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St. Louis Stage Capsules 

Dennis Brown and Paul Friswold suss out the local theater scene

Closer You might expect a play so consumed by sex to stir up a little heat, but an icicle chill permeates Patrick Marber's lacerating drama about deceit and betrayal. It gets dizzying trying to keep all these peccadilloes straight, and we're only following the misadventures of four people. If self-destruction is an attribute, then these four are heroic. Closer is a precursor to The Social Network, a more recent story that fascinates despite the absence of one single appealing character. If the razor-sharp dialogue is not quite as shocking as it was when Closer debuted in the late 1990s, its train-wreck nature remains constant. You might not like what you're seeing, but it's hard to turn away. Produced by St. Louis Actors' Studio through February 24 at the Gaslight Theater, 358 North Boyle Avenue. Tickets are $25 ($20 for students and seniors). Call 314-458-2978 or visit
— Dennis Brown

Macbeth Reviewed in this issue.

Round and Round the Garden Why don't more theaters stage Alan Ayckbourn plays? There are certainly enough of them. This particular lighthearted romp, set in the garden of a Victorian country home (lushly designed by Todd Shafer), is the conclusion of Ayckbourn's trilogy, The Norman Conquests, about the peccadilloes of a lovable loser who can't help falling in love with nearly every woman he sees. Here we learn that the misbegotten Norman is "a law unto himself," always his own worst enemy, always on the verge of being arrested for breaking and entering. The entire cast is a delight, and Mark Kelley in the lead role is especially droll. "I've never known anyone who can ruin an evening as thoroughly as he can," his sister-in-law suggests. Regardless, this particular evening is grand fun. Performed through February 26 at Black Cat Theatre, 2810 Sutton Boulevard, Maplewood. Tickets are $25 ($20 for students and seniors). Call 314-781-8300 or visit (DB)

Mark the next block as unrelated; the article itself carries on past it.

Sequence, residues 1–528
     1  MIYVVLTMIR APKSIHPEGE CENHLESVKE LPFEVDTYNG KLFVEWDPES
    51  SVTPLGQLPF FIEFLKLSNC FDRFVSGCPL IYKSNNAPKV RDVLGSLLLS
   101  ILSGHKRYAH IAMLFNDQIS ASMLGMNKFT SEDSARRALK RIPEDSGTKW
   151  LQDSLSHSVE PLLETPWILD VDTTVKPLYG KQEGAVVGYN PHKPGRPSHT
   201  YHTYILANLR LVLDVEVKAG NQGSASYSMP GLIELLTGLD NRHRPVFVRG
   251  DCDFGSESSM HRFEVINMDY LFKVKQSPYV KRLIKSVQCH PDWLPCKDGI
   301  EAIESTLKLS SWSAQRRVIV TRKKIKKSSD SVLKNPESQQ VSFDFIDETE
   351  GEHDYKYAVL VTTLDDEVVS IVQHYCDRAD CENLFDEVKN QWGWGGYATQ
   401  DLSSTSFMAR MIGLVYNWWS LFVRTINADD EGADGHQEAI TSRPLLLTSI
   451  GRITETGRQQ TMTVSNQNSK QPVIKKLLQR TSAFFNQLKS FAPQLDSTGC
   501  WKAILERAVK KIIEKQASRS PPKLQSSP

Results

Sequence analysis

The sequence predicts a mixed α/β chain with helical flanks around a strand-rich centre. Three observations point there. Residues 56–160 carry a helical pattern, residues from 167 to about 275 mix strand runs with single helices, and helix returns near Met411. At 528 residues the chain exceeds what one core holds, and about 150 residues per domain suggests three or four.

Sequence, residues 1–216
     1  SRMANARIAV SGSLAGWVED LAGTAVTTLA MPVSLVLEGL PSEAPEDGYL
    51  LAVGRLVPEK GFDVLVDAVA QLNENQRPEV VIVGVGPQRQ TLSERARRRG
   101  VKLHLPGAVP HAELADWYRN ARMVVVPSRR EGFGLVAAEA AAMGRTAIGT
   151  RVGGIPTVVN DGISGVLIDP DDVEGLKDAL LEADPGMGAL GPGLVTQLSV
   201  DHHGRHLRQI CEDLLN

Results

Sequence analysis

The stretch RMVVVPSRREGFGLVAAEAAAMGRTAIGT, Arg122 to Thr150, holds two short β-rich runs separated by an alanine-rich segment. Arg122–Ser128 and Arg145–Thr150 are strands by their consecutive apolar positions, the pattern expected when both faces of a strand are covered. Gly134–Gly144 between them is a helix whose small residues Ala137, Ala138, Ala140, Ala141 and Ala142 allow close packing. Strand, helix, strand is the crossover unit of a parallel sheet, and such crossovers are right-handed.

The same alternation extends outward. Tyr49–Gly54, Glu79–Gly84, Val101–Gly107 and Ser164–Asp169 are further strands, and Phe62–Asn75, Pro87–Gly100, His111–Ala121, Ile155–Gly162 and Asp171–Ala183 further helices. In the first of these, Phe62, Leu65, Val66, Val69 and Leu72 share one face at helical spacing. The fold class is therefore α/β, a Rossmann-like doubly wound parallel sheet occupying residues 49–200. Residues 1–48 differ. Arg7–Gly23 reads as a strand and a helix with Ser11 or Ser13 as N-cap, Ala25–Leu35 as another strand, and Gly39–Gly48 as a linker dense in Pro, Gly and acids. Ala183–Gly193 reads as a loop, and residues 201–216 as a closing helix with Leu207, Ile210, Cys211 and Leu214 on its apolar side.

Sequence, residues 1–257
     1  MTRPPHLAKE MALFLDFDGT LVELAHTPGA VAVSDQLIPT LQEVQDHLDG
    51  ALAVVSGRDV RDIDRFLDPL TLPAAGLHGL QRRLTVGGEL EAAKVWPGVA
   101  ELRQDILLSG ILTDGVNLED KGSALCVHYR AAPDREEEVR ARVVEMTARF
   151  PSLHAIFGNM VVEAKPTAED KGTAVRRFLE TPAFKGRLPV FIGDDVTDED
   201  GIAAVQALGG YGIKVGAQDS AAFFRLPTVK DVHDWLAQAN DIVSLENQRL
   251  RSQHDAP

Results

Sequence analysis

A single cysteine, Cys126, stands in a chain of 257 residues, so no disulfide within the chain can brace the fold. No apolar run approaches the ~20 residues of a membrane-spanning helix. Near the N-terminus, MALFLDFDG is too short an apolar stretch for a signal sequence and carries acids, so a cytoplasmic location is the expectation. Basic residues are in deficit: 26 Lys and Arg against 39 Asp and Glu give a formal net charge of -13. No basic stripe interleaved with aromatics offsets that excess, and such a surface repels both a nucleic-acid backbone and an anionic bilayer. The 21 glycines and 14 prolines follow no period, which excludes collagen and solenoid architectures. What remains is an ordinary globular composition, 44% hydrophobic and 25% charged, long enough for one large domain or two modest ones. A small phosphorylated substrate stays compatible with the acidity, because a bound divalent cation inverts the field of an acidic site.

Ruined The Black Rep is staging a stunningly effective production of Lynn Nottage's Pulitzer Prize-winning drama about the brutalization of women during civil war in the Democratic Republic of the Congo. Although the theme is grim, director Ron Himes keeps the play moving at an edge-of-your-seat pace, and Andrea Frye delivers a towering portrayal of a woman who runs a bar and brothel in a remote rainforest. The ultimate triumph of Ruined is that a story haunted by death and despair also throbs with theatrical life. This is not theater you should feel obligated to see because its themes are "important"; this is theater you don't want to miss because the experience is enthralling. Through March 6 at the Grandel Theatre, 3610 Grandel Square. Tickets are $17 to $47. Call 314-534-3810 or visit (DB)

Sirens Reviewed in this issue.

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September 23, 2020

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